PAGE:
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doom

doom / doōm/ • n. death, destruction, or some other terrible fate: the aircraft was sent crashing to its doom in the water. ∎  [in sing.] archaic (in Christian belief) the Last Judgment. • v. [tr.] (usu. be doomed) condemn to certain destruction or death: fuel was spilling out of the damaged wing and the aircraft was doomed. ∎  cause to have an unfortunate and inescapable outcome: her plan was doomed to failure | [as adj.] (doomed) the moving story of their doomed love affair. PHRASES: doom and gloom (also gloom and doom) a general feeling of pessimism or despondency: the national feeling of doom and gloom.

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Doom

Doom. Pictorial representation of the Last Judgement in the Middle Ages. In a church it often took the form of a mural painting over the chancel-arch, with Christ in the middle, Hell and the damned on His left (the south or right when seen from the nave), and the Blessed on the left (north). It was also a subject for stained-glass windows: a spectacular glass Doom survives in St Mary's Church, Fairford, Glos. (late C15 and early C16).

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E. Duffy (1992)

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doom

doom death, destruction, or some other terrible fate; in Christian belief, an archaic name for the Last Judgement. The word is recorded from Old English (in form dōm), and originally denoted ‘statute, judgement’; it is of Germanic origin, from a base meaning ‘put in place’.
Doomsday the last day of the world's existence; Judgement Day. Doomsday Book is sometimes found as a variant of Domesday Book.

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doom

doom ordinance, decision, trial, judgement OE.; (final) fate XIV. OE. dōm = OFris., OS. dōm, OHG. tuom, ON. dómr, Goth. dōms :- Gmc. *dōmaz lit. that which is set or put, f. *dō- place, set, DO 1.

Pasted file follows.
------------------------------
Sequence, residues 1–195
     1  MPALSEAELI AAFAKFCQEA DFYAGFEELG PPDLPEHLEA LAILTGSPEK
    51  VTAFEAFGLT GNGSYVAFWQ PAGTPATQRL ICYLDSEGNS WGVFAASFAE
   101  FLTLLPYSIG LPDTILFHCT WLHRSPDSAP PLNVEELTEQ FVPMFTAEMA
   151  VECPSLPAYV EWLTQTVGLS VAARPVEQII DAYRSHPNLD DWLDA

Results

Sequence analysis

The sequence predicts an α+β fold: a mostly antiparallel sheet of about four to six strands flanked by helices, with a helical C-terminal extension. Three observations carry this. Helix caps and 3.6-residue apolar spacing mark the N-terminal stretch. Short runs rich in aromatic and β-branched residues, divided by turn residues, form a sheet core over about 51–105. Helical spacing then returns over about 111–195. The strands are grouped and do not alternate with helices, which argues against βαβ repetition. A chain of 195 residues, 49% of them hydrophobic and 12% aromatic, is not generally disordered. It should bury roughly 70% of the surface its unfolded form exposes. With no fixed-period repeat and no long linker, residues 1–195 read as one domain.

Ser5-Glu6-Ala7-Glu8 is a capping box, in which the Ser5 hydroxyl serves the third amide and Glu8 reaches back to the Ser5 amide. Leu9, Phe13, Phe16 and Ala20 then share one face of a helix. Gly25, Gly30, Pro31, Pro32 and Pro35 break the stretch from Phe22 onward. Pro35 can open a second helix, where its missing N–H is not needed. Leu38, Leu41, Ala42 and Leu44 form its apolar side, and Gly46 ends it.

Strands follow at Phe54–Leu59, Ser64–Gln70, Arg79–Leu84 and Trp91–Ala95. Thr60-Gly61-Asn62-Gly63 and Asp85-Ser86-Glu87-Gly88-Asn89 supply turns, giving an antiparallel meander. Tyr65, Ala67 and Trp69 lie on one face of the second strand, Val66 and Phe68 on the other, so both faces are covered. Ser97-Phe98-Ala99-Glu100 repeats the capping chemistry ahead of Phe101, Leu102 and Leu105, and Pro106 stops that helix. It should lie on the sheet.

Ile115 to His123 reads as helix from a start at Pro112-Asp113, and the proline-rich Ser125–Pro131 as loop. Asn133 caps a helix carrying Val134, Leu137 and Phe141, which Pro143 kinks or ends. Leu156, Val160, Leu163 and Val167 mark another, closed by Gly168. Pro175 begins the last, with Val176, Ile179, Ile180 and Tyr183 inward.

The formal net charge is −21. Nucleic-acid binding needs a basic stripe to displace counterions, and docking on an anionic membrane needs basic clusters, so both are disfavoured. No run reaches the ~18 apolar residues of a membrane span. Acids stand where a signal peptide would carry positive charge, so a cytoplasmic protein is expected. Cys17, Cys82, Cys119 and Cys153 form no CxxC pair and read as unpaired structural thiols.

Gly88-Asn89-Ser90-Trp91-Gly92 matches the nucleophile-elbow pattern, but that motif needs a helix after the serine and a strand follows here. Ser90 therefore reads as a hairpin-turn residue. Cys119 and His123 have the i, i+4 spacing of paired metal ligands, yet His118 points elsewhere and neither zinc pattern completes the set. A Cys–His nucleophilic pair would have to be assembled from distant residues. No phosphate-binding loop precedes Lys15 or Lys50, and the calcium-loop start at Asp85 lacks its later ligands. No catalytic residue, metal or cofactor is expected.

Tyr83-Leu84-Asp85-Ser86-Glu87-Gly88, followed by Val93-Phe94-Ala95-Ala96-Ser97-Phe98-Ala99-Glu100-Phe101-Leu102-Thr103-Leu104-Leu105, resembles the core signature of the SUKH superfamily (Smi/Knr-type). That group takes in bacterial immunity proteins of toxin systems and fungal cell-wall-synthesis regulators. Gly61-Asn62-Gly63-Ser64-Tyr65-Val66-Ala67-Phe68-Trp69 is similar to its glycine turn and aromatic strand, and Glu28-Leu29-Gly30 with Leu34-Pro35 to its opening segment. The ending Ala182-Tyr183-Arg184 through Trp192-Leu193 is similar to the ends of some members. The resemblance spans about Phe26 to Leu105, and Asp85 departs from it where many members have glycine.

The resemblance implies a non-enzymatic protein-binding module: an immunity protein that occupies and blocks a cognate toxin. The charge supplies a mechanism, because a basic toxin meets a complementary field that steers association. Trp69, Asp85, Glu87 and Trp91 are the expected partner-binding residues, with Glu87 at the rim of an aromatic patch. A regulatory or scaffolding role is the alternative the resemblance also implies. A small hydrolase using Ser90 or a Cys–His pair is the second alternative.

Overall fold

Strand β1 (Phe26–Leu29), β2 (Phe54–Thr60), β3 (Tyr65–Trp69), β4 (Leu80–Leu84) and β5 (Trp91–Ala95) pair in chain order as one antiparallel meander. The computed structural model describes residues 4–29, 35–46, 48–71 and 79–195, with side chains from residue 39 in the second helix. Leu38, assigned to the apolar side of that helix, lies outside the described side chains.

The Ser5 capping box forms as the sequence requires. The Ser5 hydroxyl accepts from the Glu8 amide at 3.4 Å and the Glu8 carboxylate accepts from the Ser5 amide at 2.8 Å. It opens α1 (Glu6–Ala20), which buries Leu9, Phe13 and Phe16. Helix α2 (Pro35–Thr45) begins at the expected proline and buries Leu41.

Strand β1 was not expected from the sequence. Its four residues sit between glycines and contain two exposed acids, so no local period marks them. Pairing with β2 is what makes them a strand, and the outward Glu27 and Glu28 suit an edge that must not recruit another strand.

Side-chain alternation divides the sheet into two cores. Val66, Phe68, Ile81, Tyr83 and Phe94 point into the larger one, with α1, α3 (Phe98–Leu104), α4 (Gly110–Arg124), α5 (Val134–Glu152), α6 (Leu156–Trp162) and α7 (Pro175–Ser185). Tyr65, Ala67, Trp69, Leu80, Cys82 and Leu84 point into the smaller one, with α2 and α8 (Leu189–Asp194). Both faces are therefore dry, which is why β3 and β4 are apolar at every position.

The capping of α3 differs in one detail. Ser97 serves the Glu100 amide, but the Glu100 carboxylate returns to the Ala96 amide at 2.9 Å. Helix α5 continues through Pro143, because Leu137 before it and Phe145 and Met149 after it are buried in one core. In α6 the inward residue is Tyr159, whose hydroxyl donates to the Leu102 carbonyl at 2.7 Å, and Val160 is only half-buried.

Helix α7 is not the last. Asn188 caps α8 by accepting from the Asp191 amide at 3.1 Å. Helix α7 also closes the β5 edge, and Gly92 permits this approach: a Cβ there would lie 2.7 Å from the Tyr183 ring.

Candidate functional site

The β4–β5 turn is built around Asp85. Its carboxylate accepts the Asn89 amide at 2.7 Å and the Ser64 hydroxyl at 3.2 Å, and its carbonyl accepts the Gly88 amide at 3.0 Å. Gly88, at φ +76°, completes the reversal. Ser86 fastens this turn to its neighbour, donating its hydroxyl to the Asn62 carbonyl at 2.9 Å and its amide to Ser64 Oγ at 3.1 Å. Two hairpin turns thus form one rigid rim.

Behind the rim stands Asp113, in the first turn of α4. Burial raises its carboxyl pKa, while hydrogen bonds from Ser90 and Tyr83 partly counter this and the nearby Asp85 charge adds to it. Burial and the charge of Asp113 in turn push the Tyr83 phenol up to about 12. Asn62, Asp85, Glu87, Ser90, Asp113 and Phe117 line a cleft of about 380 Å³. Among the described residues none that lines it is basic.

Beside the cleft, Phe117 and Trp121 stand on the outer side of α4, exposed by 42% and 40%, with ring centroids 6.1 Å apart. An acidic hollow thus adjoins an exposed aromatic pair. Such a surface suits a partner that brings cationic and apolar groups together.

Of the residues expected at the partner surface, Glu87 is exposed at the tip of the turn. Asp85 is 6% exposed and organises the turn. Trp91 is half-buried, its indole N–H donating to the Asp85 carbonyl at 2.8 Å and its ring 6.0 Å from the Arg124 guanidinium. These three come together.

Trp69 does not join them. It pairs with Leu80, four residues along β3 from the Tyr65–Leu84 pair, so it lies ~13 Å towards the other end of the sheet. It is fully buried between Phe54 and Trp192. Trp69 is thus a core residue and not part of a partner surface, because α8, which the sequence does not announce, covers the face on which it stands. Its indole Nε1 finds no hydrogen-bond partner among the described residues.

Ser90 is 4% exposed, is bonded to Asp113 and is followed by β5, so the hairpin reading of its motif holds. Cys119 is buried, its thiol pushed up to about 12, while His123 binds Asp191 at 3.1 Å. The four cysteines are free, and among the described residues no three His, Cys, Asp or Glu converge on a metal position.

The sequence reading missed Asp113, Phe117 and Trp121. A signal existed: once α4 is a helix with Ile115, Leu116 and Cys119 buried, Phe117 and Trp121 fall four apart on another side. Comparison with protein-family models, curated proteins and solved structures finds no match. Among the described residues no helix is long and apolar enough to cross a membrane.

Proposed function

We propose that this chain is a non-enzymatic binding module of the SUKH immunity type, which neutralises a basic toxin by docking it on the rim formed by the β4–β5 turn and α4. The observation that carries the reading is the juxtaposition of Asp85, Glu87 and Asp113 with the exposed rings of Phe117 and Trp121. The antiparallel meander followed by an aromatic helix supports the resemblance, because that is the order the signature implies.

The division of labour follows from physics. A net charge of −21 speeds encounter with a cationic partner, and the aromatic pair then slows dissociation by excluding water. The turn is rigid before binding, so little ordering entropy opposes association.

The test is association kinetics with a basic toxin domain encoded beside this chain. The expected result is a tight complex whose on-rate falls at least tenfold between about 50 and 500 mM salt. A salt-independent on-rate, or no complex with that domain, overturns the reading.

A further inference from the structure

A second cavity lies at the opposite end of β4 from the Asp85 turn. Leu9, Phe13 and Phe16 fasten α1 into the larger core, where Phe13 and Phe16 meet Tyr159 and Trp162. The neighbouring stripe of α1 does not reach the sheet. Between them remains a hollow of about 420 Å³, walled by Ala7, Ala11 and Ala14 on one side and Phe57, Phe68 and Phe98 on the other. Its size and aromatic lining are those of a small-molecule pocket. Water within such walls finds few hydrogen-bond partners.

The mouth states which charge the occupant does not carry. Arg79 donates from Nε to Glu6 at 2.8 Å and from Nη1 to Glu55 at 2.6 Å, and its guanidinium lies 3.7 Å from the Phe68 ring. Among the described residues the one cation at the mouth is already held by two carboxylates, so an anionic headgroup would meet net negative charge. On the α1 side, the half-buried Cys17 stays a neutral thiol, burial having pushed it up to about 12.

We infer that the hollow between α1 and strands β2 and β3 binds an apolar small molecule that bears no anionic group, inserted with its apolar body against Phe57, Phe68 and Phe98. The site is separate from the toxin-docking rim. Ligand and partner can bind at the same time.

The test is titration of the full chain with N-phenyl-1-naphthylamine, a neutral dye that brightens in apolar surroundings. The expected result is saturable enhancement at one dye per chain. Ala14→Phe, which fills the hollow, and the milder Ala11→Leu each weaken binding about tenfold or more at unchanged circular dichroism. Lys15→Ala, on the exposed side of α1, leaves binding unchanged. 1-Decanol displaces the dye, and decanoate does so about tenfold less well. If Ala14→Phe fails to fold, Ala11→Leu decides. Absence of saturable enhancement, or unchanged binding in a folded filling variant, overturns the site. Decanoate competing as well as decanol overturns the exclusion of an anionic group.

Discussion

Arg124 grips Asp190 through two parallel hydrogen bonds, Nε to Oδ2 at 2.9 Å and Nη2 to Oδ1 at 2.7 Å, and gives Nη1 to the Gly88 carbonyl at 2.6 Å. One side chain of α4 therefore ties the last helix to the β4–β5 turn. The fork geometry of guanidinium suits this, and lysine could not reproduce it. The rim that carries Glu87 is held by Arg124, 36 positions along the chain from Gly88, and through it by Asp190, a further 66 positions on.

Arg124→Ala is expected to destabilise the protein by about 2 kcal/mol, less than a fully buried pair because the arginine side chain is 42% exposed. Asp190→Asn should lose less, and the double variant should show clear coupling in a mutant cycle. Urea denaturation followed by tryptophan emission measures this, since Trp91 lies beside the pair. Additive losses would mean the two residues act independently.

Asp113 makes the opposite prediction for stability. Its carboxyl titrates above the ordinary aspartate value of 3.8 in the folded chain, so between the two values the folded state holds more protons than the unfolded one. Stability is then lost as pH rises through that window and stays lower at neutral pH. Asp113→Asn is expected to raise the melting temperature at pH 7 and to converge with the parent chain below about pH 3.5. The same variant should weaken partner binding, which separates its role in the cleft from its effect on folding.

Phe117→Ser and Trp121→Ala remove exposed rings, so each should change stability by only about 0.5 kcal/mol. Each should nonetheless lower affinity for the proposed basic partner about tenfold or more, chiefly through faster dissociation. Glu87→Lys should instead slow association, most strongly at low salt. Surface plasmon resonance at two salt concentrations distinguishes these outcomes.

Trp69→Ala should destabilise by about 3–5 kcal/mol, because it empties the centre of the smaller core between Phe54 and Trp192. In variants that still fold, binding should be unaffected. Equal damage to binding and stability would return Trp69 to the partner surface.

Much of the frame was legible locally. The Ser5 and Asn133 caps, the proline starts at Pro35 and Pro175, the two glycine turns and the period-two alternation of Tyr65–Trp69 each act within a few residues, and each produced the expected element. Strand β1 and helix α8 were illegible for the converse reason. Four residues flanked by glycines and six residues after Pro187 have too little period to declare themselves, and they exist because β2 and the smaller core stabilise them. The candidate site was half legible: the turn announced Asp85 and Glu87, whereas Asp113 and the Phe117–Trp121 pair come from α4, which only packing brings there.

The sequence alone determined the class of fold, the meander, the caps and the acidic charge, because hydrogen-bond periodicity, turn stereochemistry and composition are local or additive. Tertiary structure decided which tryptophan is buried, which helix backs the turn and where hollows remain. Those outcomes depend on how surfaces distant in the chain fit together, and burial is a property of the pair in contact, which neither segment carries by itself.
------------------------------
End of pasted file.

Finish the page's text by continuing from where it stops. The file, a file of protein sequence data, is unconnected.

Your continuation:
Hence doom vb. XV.

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Doom

DOOM

An archaic term for a court's judgment. For example, some criminal sentences still end with the phrase " … which is pronounced for doom."

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Doom

Doom or Doomsday: see Judgment Day.

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doom

doomabloom, assume, backroom, bloom, Blum, boom, broom, brume, combe, consume, doom, entomb, exhume, flume, foredoom, fume, gloom, groom, Hume, illume, inhume, Khartoum, khoum, loom, neume, perfume, plume, presume, resume, rheum, room, spume, subsume, tomb, vroom, whom, womb, zoom •catacomb • heirloom • broadloom •taproom • guardroom • staffroom •darkroom • classroom • bathroom •bedroom, headroom •legroom • restroom •dayroom, playroom •saleroom • stateroom • salesroom •tearoom • green room • sickroom •anteroom • bridegroom • stockroom •strongroom • box room • washroom •storeroom • boardroom • ballroom •courtroom • houseroom • showroom •cloakroom • elbow room •poolroom, schoolroom •newsroom •gunroom, sunroom •mushroom • common room •workroom • hecatomb • vacuum •legume • volume • costume •Leverhulme

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